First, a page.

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New Study Paints a Clearer Picture of the Future of Retail

October 11, 2017

 

 

 

As new, younger consumers enter the customer base, bringing with them different ideas about the kinds of shopping experiences they want, the retail landscape has become even harder to predict. The Future of Retail, a new study conducted by Barnes & Noble College Insightssm, has uncovered a wealth of information on how students view shopping, budgeting and the purchasing decisions they make concerning products and services — offering some clues to retail’s future.

 

Save or Spend

Of those surveyed, 77 percent of students somewhat or strongly agreed that they ‘generally make good spending decisions,’ viewing themselves as ‘savers’ with good spending habits. Over three-quarters (78%) of respondents also reported they would more likely save for tomorrow than spend for short term pleasure today. However, their reported actions are often in contradiction to this view. Overall, just over half of the respondents polled admitted to spending even when they knew they shouldn’t. “I think it can be hard,” says recent college graduate, Norah McGrath. “When you’re in college, you want to spend on clothes — or maybe a better phone — things you can’t always afford,” she says. While reliant on her parents for more expensive items, like many respondents in the survey, McGrath agreed that she could be susceptible to emotional spending and impulse buys. Food, in particular, appears to be a flash point for impulse purchase with 72 percent of students saying they often buy on impulse or ‘just because.’

 

77% of students somewhat or strongly agreed that they ‘generally make good spending decisions,’ viewing themselves as ‘savers’ with good spending habits.

 

Mood also plays an important role in spending, with increased purchasing reported during positive moods, along with a tendency for impulse buying — most commonly associated with food, hobbies and clothing. “Our research points to a new generation of consumers who build their purchasing decisions around the products and services they most value,” says Lisa Malat, Vice President and Chief Marketing Officer for Barnes & Noble College. “It’s especially significant that, for this generation, education is considered a separate category from other spending, and is viewed more as an investment compared to other goods and services,” she notes.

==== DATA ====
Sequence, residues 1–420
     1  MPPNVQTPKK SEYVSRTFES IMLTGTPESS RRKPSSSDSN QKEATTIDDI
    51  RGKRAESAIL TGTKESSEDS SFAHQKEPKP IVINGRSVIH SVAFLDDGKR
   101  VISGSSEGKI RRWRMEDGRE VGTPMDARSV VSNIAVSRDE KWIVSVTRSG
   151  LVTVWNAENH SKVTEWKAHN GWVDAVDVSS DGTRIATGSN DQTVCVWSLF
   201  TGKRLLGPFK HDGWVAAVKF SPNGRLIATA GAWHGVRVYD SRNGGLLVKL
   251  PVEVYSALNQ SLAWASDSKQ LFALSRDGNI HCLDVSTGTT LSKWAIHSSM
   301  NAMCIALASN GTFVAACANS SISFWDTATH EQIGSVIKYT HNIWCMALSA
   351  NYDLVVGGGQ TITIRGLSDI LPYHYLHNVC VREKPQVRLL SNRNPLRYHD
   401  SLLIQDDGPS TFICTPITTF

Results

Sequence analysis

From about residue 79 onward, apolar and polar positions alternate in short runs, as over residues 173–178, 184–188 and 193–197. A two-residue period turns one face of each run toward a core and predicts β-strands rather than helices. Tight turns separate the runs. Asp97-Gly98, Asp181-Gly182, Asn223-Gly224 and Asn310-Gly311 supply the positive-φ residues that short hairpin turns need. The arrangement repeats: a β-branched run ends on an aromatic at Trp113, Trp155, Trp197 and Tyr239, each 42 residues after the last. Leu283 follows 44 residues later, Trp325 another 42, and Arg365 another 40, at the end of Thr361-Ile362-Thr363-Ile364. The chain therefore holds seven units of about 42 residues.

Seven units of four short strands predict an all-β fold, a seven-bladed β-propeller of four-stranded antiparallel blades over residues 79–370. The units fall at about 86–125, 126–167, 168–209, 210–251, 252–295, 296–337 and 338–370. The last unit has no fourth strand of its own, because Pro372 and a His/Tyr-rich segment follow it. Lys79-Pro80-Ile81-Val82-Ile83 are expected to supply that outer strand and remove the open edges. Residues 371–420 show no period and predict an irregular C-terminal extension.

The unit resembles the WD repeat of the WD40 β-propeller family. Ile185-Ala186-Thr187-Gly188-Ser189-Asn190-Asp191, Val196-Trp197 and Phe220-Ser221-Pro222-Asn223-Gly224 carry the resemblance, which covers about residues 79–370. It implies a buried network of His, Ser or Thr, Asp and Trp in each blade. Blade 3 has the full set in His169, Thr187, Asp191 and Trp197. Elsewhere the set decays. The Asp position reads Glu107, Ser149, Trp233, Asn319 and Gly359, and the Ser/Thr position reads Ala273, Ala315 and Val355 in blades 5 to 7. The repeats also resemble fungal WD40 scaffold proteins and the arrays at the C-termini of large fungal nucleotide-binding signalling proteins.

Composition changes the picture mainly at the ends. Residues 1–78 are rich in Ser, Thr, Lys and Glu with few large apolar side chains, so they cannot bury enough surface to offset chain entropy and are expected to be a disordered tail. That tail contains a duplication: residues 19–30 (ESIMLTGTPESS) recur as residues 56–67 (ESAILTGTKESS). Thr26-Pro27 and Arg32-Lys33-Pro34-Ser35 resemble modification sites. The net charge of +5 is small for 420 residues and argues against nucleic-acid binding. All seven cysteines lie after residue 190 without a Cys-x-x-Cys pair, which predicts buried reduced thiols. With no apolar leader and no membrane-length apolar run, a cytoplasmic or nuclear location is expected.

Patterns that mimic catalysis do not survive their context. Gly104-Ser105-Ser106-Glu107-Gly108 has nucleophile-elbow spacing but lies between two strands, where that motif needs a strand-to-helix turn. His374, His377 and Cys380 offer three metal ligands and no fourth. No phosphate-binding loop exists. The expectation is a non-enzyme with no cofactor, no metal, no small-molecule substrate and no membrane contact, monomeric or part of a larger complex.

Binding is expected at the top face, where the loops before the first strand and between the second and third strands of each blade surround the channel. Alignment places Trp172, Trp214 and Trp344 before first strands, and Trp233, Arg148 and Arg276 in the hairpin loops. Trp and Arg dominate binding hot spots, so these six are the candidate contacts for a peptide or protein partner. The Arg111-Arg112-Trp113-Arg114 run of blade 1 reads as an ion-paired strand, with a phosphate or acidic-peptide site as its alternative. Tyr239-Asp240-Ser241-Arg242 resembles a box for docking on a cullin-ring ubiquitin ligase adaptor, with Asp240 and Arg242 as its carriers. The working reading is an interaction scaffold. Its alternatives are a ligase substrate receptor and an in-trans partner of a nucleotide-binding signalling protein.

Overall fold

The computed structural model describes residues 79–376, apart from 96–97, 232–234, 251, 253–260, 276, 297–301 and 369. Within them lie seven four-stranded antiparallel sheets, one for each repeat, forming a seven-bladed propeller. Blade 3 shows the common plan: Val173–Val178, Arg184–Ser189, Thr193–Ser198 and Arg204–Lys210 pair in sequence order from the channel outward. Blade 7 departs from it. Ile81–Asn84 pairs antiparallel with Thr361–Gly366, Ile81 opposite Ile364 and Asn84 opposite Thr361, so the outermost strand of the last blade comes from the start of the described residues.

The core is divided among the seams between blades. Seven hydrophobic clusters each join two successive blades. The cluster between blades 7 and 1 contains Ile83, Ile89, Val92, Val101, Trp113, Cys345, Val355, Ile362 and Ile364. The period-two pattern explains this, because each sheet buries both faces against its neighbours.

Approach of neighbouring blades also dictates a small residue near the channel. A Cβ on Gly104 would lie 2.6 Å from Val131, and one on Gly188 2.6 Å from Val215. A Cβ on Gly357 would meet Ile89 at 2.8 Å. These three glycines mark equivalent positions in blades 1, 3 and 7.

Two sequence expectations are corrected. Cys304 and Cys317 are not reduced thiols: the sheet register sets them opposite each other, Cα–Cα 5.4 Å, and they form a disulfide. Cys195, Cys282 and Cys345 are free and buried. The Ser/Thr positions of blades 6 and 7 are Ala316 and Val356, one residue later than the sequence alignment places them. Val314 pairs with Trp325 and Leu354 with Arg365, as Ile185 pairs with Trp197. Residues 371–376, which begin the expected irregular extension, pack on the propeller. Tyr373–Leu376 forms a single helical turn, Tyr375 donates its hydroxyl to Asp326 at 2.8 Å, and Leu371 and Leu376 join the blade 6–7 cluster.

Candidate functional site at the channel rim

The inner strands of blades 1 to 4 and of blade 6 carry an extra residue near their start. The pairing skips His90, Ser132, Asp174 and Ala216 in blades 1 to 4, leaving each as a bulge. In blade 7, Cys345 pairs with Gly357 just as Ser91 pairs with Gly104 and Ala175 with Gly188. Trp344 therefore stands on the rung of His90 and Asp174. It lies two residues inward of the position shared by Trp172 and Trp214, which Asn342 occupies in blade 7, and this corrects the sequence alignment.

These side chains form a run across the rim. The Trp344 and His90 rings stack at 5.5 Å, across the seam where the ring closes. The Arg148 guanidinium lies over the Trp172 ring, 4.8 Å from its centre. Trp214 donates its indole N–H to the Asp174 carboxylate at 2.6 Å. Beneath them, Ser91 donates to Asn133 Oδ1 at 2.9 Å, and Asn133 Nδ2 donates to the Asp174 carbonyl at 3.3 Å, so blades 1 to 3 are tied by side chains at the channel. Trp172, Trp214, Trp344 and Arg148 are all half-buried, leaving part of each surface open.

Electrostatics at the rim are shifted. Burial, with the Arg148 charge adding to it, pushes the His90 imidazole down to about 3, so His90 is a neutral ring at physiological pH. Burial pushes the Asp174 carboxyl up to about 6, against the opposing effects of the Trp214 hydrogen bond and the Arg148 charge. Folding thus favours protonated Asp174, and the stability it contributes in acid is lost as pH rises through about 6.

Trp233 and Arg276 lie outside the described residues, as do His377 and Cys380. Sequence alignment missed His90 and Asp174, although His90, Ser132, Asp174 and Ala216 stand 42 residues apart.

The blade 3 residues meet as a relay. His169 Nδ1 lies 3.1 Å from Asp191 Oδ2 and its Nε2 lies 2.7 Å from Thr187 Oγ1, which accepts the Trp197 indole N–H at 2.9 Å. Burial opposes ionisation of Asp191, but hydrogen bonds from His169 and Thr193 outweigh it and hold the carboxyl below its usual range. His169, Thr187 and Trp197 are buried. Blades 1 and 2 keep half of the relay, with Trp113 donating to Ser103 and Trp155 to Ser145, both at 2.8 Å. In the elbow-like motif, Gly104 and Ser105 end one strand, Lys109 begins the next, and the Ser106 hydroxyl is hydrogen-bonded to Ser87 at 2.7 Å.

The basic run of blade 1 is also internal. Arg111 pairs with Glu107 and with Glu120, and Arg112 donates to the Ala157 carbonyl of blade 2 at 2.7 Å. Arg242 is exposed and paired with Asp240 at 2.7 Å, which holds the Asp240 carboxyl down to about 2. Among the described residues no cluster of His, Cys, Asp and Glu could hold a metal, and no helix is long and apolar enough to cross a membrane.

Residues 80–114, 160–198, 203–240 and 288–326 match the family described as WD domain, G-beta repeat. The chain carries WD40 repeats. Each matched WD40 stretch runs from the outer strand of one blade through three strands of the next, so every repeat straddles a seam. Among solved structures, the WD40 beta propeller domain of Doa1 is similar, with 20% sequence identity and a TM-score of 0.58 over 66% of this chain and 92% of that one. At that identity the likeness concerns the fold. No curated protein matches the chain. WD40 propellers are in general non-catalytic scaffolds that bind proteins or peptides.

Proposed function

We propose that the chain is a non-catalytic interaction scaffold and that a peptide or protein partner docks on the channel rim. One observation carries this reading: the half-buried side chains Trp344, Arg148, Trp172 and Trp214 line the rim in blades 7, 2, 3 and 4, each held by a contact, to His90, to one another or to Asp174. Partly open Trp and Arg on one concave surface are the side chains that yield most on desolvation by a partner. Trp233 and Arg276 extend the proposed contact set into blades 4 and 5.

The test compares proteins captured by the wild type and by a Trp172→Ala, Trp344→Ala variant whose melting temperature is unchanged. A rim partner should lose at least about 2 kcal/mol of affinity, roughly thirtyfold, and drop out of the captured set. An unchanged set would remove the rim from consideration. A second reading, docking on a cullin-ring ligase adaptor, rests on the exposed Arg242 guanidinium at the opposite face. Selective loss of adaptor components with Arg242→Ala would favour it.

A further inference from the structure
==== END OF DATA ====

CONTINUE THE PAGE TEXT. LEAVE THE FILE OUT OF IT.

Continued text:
Students also put their educational expenditures in a different category from other spending such as clothing, accessories or even experiences, with 24% saying it’s an investment, a required necessity (19%) or more important than other spending (19%). “I’m willing to invest far more in education because it’ll pay off more in the long run,” said one survey respondent. McGrath admits that much of the appeal for selecting her hometown college was financially-driven. “Now, I regret commuting every day because I think I did miss out a lot on what was going on at campus,” she says, adding, “but I knew it would save a lot of money — and I was also able to keep my part-time job.”

 

The Future of Retail study also uncovered some surprising findings concerning the actual path to purchase for today’s young consumers. About half of students (47%) combine online and in-store shopping for a single purchase, with online shopping liked for its easy comparability across retailers, lack of crowds and no requirement to leave home. But in-person shopping at a brick-in-mortar store is still preferred by this generation of ‘digital natives.’

 

Shaping New Kinds of Shopping Experiences

Building on the Value of College study that Barnes & Noble College published with MONEY magazine last year, this latest research paints a detailed picture of a new generation of students who are affected by retail trends, yet have strong views on what interests them as consumers, and how this key demographic likes to shop. Understanding students as they transition through their college experiences into adult life, and can afford larger lifestyle purchases, will influence the creation of new and different kinds of shopping experiences — and undoubtedly shape the future of retail.

 

Over the next several months, NEXT will be featuring more details from the Future of Retail survey, including students’ path to purchase, changing attitudes and emotions associated with shopping, their spending strategies and their attitudes towards education spending.

 

 

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